Top Ten Reasons to Write for Rights

Fall is my favorite time of year: the air is cooler, the leaves are pretty, Amnesty International student groups are back together again, and people start signing up for the Write for Rights Global Write-a-thon.

In this—the world’s largest human rights event—we use letters, cards and more to demand the human rights of individuals are respected, protected and fulfilled. We show solidarity with those suffering abuses and work to improve people’s lives.

Those are some pretty amazing reasons to participate, but in case you need more, here are my top ten reasons to Write for Rights: SEE THE REST OF THIS POST

Did You Write for Rights?

Write for Rights event in France

A Write for Rights event in France

It has been fantastic to hear about the Write for Rights activities that have taken place around the world! In coffee shops, restaurants, libraries, bookstores, theaters, markets, streets, schools, and homes, we came together, side-by-side, throughout the U.S. and the world to collectively take action to defend human rights. It is this action that will continue to lead to human rights victories, like that of the release of Femi Peters in Gambia.

We want to share with you some of what happened during the 2010 Write for Rights Global Write-a-thon:

  • In Austria, AI members and activists sent over 17,400 letters, doubling the total number from last year, and making this the most successful Write-a-thon in their history.
  • In France, at least 200 cities hosted public events throughout the week. This included in Villetaneuse, a suburb of Paris, where students at a university organized a one-day event for the 10 December, which included a concert by a well-known hip-hop band. Despite the heavy snow, over 700 signatures were collected.
  • In Germany, over 50 AI local groups participated, sending over 17,000 letters.
  • In Hong Kong, Write for Rights was taken to the Human Rights Day Fair – an annual fair attended by over 25 NGOs.
  • In Mali, the youth network had a target of writing 1,800 letters. Students from ten schools took part, and they already have reported 2,366 letters written with still more to count.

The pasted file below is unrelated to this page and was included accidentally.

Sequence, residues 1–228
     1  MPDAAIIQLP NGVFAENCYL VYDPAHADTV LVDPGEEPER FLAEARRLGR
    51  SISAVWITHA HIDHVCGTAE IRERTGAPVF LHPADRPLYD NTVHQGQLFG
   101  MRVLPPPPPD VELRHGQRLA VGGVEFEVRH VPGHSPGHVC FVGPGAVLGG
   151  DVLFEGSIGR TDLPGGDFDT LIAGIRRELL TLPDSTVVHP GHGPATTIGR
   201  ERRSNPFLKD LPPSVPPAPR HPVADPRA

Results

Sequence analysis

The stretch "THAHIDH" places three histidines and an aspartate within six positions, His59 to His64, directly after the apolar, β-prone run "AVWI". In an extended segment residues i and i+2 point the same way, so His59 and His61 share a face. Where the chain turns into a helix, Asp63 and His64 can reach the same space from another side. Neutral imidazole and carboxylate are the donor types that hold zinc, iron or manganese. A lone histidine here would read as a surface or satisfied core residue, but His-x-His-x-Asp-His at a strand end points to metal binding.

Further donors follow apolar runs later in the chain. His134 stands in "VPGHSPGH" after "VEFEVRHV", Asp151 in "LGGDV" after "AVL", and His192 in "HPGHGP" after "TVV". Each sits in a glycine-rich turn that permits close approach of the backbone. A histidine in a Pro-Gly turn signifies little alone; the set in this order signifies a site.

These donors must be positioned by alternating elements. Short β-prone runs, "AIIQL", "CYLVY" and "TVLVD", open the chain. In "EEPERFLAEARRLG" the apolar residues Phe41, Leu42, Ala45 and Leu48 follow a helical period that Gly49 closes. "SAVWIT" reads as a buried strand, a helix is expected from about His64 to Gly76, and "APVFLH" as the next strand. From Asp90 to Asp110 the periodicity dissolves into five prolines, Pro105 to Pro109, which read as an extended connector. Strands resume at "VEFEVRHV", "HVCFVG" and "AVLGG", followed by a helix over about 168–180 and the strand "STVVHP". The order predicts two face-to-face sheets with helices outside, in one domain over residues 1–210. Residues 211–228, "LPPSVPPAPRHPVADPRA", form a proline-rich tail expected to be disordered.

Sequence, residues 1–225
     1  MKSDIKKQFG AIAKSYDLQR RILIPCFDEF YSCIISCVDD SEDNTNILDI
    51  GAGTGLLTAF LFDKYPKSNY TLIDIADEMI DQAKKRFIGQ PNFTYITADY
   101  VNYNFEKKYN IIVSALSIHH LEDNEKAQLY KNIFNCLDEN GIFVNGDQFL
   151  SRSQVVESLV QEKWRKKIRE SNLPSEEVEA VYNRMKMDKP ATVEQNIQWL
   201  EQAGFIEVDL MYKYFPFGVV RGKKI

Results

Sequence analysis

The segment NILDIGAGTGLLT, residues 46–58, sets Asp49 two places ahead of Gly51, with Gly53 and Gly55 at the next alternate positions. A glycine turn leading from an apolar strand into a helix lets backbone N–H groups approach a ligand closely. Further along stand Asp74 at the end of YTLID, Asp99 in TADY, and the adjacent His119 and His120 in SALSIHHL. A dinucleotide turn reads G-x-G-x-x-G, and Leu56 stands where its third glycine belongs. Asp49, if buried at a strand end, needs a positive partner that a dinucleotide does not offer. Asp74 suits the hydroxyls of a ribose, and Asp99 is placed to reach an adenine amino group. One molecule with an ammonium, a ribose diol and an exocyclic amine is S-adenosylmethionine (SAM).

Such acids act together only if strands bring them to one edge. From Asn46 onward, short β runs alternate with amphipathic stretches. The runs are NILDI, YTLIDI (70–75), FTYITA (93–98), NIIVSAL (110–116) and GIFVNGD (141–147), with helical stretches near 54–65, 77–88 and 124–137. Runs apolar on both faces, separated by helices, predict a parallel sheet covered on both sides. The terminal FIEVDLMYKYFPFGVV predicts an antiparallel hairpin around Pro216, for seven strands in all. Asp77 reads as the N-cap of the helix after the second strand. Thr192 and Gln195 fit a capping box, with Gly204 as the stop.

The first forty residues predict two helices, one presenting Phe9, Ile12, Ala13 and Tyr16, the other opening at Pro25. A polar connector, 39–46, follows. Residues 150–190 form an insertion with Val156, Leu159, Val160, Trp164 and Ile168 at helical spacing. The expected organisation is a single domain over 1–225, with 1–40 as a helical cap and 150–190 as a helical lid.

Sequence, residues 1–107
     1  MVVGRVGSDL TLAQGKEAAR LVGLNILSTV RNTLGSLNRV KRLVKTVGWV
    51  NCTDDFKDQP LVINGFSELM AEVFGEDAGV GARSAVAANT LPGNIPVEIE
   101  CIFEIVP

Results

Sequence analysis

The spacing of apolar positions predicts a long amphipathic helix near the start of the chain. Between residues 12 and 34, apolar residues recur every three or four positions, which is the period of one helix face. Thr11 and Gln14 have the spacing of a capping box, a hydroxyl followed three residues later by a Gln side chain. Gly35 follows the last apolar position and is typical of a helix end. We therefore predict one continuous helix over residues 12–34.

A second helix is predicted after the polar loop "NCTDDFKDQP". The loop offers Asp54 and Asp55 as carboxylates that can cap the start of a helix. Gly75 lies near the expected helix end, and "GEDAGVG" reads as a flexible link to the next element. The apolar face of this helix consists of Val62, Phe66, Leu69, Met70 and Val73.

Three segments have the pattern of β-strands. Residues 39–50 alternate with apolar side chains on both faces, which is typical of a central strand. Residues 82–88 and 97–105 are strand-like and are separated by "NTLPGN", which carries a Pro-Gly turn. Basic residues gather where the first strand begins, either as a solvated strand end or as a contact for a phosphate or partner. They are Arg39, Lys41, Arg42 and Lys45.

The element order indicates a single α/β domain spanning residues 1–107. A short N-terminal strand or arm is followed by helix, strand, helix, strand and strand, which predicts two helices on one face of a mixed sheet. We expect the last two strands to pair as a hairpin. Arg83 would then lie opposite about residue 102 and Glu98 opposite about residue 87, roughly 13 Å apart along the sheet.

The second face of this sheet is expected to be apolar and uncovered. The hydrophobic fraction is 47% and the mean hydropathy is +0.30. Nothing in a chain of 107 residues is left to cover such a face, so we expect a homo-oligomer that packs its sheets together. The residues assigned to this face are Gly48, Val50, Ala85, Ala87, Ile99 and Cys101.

• In Nigeria, three volunteers organized events in Abuja and Imo State, generating 3,000 actions.
  • In Poland, 14,967 letters were written in just one location – a school in Bircza, a small municipality in south-eastern Poland, which only has 1000 inhabitants.
Spreading the word about Write for Rights in Nigeria

Spreading the word about Write for Rights in Nigeria

That’s not all!  Right here at home there were nearly 1,300 events, in every state across the U.S. Before we can confirm how many letters were sent from the U.S., we need to hear from you.  If you participated in the 2010 Write for Rights Global Write-a-thon, please tell us how many letters you sent.  No number is too small, and every letter counts.  Knowing how many letters you sent is essential to help us gauge the pressure we are putting on human rights abusers.  In acknowledgment of your meaningful contributions to human rights, once you confirm how many letters you sent, you will receive a 35% discount on our limited edition 2010 Write for Rights T-Shirt.

Last month you gave Femi Peters Junior the best holiday present anyone could ever ask for: you helped get his father back. In Femi Peters Junior’s own words, “On behalf of my family, the Peters family, on behalf of myself, I want to thank Amnesty International from the bottom of my heart…  It’s good to have my dad back.  Thank you very much.”

Your letters made and will continue to make a difference.

Feeling inspired?  You can also sign up for the 2011 Write for Rights Global Write-a-thon!

Attempting to Silence Political Opposition in the Gambia

This post is part of our Write for Rights series.

Femi PetersLittle did Femi Peters know that by attending a peaceful demonstration organized by his employer, the United Democratic Party, he would be suffering from diabetes and malaria in prison today. Femi is the Campaign Director for the United Democratic Party, a political opposition party in Gambia. At the fateful demonstration on October 25, 2009, he was arrested for “control of procession and control of use of loud speakers in public” without permission from the Office of the Inspector General of Police, as required under the Public Order Act.

The Gambian government seeks to stifle political and social dissent through arbitrary arrests of journalists, human rights defenders, political leaders and former security personnel. They continued this trend by sentencing Femi Peters in April 2010 to one year in jail. Amnesty International considers him to be a prisoner of conscience.

In jail, Femi Peters has suffered from poor prison conditions and a general lack of health care.  He is also not allowed to see his family while he is imprisoned.  Take action on behalf of a prisoner of conscience whose only crime was his participation in the political process by signing up for the Write-a-thon today!

The Write-a-thon features Femi Peters along with 11 other cases of human rights abuses around the world. Sign up today and write for the rights of others!

Claire Lesikar, Campaign for Individuals at Risk, contributed to this post.